As we have been chronicling at Pulpit & Pen religiously (no pun intended), charismatic prophets are going to get people killed with their crack-pottery. It’s one thing to decree-and-declare an end to coronavirus with ineffectual blathering, but it’s another thing to offer horrible medical advice and instill confusion into the global discourse on this pandemic.
So far we have, Bethel’s affiliated pastor, Shawn Bolz, declared a prophecy that God had ended the virus. Perhaps Bethel didn’t get the memo. Rodney Howard Browne promised to bind coronavirus from the United States (again, it’s growing), Jim Bakker claimed his venereal disease ointment also heals coronavirus, and Rick Wiles claimed Christians are immune altogether. Pat Robertson claimed his gut-health booklet will make you immune. A charismatic prophet from New Zealand claimed that all Christians were immune. Another prophet declared that Republican states were immune. Perry Stone says coronavirus is a Satanic scheme to help socialism. Kenneth Copeland said that touching his oily hand through the television would heal coronavirus. Lou Engle has told his followers that a three-day fast can cure coronavirus (health experts say that lowers the immune system). And one charismatic prophet claimed that a potential vaccine would be the Mark of the Beast. And a charismatic prophet interprets his dream to mean that coronavirus is trying to sabotage President Trump. And this Bethel prophetess claims that she decreed and declared coronavirus away from the world for good. Also, this charismatic prophet says coronavirus would disappear if China would grant religious freedom to Christians (why America is getting now is anybody’s guess).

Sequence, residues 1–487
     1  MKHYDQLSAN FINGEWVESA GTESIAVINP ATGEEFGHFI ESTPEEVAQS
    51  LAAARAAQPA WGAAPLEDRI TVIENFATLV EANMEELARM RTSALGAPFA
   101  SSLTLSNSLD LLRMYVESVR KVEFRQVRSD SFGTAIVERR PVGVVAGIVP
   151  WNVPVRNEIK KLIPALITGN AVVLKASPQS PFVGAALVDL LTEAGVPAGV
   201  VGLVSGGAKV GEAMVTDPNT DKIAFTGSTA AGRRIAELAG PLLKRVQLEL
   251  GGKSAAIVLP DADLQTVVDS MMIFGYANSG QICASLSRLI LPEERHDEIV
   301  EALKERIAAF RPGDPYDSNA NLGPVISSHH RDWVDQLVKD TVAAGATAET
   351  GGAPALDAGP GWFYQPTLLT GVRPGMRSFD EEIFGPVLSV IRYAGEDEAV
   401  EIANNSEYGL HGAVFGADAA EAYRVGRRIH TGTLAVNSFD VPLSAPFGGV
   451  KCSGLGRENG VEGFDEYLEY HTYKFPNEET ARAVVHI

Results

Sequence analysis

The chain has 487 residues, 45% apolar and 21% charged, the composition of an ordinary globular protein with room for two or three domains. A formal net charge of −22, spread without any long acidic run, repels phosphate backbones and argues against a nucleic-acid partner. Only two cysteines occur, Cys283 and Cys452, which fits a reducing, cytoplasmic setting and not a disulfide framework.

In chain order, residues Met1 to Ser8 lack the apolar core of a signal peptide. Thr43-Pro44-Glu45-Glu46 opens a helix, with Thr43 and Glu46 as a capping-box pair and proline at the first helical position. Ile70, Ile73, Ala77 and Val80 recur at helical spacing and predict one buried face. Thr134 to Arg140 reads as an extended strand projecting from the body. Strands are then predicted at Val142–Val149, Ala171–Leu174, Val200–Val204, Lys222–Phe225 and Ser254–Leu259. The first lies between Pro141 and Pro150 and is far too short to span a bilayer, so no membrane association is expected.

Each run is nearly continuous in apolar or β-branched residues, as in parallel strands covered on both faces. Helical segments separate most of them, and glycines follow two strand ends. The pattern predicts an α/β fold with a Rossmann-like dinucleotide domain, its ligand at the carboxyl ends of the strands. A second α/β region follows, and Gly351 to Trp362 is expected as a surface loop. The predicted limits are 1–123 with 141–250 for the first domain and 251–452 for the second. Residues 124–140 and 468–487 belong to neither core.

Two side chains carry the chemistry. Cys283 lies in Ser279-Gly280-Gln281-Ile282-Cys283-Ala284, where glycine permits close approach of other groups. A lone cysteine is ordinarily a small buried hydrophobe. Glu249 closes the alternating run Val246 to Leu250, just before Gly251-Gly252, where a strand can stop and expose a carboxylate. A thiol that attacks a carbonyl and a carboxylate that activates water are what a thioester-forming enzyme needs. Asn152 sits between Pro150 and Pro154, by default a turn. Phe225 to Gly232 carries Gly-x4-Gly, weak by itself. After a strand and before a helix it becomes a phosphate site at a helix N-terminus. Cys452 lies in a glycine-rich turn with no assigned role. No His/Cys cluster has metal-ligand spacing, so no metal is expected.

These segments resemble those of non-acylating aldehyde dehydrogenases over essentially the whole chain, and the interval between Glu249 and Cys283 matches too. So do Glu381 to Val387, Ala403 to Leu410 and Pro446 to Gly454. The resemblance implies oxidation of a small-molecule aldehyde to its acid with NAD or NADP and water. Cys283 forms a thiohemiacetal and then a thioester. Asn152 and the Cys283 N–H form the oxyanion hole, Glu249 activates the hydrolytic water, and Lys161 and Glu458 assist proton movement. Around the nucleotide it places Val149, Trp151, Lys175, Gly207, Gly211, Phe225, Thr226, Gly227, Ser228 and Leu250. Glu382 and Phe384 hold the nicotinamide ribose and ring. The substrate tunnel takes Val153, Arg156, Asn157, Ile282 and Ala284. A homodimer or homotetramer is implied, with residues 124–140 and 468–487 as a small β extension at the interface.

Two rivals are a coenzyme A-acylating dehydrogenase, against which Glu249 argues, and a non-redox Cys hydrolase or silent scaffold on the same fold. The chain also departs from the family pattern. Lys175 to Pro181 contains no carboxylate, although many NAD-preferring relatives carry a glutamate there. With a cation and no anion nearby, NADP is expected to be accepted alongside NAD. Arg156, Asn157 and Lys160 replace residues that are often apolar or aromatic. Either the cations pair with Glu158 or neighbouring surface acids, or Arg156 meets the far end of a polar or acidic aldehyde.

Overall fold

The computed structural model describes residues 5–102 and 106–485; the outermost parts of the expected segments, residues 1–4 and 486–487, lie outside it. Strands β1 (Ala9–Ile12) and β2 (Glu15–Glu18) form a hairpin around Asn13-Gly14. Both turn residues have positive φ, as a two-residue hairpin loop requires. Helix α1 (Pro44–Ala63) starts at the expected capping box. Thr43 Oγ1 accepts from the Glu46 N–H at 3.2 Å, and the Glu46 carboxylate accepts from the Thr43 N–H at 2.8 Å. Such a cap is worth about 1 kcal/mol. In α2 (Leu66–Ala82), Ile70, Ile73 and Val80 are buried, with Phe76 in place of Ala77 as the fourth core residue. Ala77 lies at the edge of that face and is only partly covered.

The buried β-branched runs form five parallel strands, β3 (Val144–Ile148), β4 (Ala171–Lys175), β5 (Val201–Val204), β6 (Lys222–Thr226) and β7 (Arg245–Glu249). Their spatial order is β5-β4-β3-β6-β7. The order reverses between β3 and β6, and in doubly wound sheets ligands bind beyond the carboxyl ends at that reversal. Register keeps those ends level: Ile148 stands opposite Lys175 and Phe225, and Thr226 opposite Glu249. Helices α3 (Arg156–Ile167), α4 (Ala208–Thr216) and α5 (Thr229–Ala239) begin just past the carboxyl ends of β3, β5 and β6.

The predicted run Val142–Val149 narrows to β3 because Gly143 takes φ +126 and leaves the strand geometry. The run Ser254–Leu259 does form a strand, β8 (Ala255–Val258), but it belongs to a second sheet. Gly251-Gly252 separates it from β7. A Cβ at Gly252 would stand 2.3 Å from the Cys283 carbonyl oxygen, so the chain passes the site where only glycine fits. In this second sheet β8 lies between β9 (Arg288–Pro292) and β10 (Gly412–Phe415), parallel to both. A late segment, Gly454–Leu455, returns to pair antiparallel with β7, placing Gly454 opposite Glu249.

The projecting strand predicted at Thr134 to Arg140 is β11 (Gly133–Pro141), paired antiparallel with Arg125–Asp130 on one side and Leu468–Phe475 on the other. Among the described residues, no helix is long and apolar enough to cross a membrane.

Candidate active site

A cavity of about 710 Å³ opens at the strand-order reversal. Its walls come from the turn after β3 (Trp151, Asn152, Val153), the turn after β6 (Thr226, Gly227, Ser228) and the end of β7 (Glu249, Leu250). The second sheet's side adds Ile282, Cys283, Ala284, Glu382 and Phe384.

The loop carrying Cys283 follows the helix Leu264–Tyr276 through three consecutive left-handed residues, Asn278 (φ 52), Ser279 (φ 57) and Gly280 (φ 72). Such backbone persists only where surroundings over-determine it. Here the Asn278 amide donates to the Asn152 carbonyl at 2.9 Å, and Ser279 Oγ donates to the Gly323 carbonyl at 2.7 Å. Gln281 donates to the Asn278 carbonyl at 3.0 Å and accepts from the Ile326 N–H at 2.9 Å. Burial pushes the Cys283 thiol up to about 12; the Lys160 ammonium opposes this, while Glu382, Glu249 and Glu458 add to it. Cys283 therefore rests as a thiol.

The world effectively in shut-down mode over the virus, people are staying home in record numbers. The best long-term solution to this crisis is for vaccine manufacturers to come up with a preemptive cure and get it produced in mass and sent out to the public. But because of the scare-tactics of charismatics, who give the worst advice ever, a significant portion of the world might consider such a move to be a globalist plot to kill people with vaccines.
Adding to the cloud of nonsense that surrounds charismaticism is Rodney Howard Browne, the “Holy Ghost Bartender” who gets people “drunk in the spirit.” He’s now claiming that the vaccines will be designed to kill people.
How many foolish people will not take a vaccine – not based upon a careful and medically-focused cost-benefit-analysis – but because a drunken babbler told them a conspiracy theory he made up in his head?
Whether or not a person takes a vaccine should be left up to their personal determination of its value and potential risks. It should not be informed by someone who already promised to bind the virus from the United States (it didn’t work).
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